The leading actors in this asymmetric warfare have been Lashkar-e-Taiba (Army of the Righteous) and Jaish-e-Mohammad (Army of Mohammad), both led by veterans of the US and Pakistan-backed mujahideen war against Soviet forces in Afghanistan in the 1980s, and both close to the ISI.
For two decades, the LeT and JeM — which openly recruit and train jihadis in Pakistan despite their UN designation as proscribed terror groups — have carried out numerous attacks in India, including a 2001 assault on India’s parliament and the 2008 Mumbai attacks.
These violent onslaughts have been coupled, since the two countries’ 1998 tit-for-tat nuclear tests, with Pakistan’s ambiguity about its willingness to use those weapons in a conflict, a threat that left India wary of military action.
Mr Modi has positioned himself as a strong, decisive leader willing to launch a robust response to Pakistani provocation. It’s also personal: early in his tenure, he expended personal capital to improve ties with then Pakistani prime minister Nawaz Sharif, only to see his outreach undercut by militant attacks on two Indian military bases in 2016.
Days after the second of those assaults, a small team of Indian ground forces were dispatched into Pakistani-held territory for a “surgical strike” to destroy shelters used by militants waiting to sneak into Indian Kashmir. That action has since become the subject of relentless political propaganda from New Delhi, as well as a slick Bollywood action thriller that Mr Modi’s ruling Bharatiya Janata party urged Indian voters to see ahead of the elections.
In this climate, Mr Modi was compelled to hit back after a Kashmiri suicide bomber affiliated with JeM obliterated a military bus on February 14, the deadliest attack on Indian forces in Kashmir in decades. “The way we have portrayed the surgical strike implied there would be much bigger things if there are bigger attacks,” says Mr Raghavan. “This government has created that mood among the people.”
Precisely what India hit during its missile strike on Tuesday remains a matter of fierce dispute. New Delhi says it carried out a “pre-emptive strike” on a JeM training camp in the town of Balakot, acting on “credible intelligence” of jihadis planning attacks in India.
Pakistan claims the missiles fell harmlessly on to a hillside and caused little damage, a claim seemingly supported by eyewitness accounts from the region and independent analysts who have examined satellite imagery. But the Indian military has been adamant that its “strategic objectives” were met.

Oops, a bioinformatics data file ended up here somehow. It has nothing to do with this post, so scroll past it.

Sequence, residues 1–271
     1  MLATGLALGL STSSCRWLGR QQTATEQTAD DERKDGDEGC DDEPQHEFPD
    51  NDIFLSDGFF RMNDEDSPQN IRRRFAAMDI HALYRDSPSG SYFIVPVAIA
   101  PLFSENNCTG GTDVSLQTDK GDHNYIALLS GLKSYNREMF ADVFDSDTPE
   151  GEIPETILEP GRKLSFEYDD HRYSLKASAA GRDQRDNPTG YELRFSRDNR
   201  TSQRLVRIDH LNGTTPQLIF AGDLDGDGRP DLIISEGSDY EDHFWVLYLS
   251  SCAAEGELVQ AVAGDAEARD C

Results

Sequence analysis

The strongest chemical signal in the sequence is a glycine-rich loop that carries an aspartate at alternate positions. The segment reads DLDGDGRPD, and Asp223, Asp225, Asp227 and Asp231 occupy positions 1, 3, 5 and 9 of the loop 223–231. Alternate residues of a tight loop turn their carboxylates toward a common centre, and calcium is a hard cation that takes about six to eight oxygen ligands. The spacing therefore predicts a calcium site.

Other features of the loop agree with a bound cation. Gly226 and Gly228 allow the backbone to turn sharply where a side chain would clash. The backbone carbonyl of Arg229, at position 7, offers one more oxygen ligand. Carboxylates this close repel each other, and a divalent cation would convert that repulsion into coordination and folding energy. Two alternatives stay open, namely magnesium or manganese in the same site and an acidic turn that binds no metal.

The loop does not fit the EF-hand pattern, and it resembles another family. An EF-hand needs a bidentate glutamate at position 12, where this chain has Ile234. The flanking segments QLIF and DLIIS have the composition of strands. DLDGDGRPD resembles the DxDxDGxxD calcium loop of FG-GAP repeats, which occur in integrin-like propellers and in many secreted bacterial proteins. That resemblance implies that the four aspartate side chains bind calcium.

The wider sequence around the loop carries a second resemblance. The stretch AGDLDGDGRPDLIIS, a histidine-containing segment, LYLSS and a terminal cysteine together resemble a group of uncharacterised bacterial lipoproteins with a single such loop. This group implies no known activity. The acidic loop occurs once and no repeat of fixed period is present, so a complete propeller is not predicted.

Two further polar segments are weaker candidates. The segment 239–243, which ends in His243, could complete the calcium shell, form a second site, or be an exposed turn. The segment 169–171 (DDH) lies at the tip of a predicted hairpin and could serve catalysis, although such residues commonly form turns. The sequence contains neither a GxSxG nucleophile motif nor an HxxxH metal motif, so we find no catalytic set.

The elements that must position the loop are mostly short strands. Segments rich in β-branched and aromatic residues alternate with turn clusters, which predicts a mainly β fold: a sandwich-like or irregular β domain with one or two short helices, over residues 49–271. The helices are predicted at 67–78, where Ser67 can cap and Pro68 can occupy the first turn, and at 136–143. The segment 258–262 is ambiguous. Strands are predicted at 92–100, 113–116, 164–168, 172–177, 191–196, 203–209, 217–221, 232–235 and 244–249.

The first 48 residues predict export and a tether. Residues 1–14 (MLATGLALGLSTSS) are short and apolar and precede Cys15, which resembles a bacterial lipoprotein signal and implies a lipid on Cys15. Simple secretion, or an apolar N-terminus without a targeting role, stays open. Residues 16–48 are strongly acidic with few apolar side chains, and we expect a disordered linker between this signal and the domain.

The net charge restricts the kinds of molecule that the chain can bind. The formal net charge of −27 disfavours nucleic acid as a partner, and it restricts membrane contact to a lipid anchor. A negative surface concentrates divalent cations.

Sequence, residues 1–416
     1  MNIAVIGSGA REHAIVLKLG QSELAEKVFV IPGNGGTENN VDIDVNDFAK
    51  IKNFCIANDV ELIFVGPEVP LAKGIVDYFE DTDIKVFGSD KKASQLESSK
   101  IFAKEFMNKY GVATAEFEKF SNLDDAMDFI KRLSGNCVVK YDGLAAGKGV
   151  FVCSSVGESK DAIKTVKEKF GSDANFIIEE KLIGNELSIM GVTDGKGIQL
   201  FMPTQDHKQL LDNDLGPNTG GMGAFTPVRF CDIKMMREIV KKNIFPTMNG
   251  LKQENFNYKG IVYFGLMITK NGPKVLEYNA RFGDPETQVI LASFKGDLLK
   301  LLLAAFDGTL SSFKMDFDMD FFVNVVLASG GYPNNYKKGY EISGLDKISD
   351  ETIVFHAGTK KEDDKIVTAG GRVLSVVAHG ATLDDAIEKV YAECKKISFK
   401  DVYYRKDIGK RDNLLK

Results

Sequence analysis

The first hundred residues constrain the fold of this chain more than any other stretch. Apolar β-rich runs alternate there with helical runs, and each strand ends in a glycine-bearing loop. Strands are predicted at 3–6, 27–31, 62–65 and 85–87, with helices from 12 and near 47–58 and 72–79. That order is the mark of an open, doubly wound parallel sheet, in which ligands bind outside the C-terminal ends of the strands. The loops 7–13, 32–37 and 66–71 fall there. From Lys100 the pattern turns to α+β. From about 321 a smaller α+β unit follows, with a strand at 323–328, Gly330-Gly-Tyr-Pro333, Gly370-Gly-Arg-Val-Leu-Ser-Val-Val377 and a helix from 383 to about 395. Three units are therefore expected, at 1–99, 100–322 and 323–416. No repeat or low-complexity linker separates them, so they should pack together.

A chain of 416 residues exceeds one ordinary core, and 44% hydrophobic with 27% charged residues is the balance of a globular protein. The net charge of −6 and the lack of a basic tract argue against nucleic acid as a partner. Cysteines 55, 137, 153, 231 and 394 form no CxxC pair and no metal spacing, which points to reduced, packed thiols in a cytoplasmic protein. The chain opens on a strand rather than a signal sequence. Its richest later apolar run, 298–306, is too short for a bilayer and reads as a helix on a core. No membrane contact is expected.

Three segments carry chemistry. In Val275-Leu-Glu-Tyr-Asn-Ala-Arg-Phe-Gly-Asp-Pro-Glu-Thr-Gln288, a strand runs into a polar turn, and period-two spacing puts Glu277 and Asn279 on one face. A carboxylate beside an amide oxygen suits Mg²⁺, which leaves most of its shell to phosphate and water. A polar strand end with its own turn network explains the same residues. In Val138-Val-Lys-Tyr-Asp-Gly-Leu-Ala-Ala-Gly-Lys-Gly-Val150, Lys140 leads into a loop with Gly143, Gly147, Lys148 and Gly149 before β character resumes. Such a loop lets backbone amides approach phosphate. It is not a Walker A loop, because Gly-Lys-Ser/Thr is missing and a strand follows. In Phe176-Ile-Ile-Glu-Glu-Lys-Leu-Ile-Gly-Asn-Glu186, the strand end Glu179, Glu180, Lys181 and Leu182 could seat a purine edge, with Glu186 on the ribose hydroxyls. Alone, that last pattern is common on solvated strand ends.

Analysts suggest that regardless of what was, or what was not, hit in the attack it is India’s use of air power and the demonstration of its willingness to strike Pakistan’s territory that is more significant. Both are escalatory red lines that New Delhi was previously thought unlikely to cross.
“This was a change from the normal patterns of security competition, with deliberate pre-mediation to signal to Pakistan that India is willing to take the risks of escalation if necessary, and that attacks in India will not be cost-free,” says Mr Tellis.
But Pakistan has also displayed its own willingness to take risks, even through conventional military engagement, where it was considered to be at a disadvantage. “If you are a big power out to teach a lesson to an upstart, and it’s a draw — especially a messy draw of this kind, then the upstart has won,” says Ajai Shukla, a retired Indian army colonel. “We’ve actually achieved the near impossible feat of making Pakistan look statesmanlike. Imran Khan comes out smelling of roses.”
Ahmed Rashid, author of several books on Pakistan and South Asia, says he believes Mr Khan is genuinely keen to improve relations with India and is “sympathetic” to the need to crack down on extremists. “These small groups of extremists almost led us to war,” he says. “Obviously they are out of control and it’s an issue that Pakistan can’t ignore any longer.”
But he says Mr Modi’s “unflinchingly hard line” and refusal to engage with Mr Khan will make progress difficult. “There is now room for a change of policy here, but it has to be reciprocated, and I don’t see that,” says Mr Rashid.
Indians and many observers are sceptical of the chances of a genuine crackdown. “I do think the Pakistanis will be more careful about where their terrorism infrastructure is located to make sure it's not within striking distance,” says Mr Raghavan. “But to get Pakistan to totally change its game will be a long-term play.”
Still, Vipin Narang at Massachusetts Institute of Technology says India has created “uncertainty and ambiguity” about whether “all of Pakistan” is a target after future attacks. “If you’re Pakistan and you don’t know how India is going to act after the next provocation, you may rein in your provocateurs.”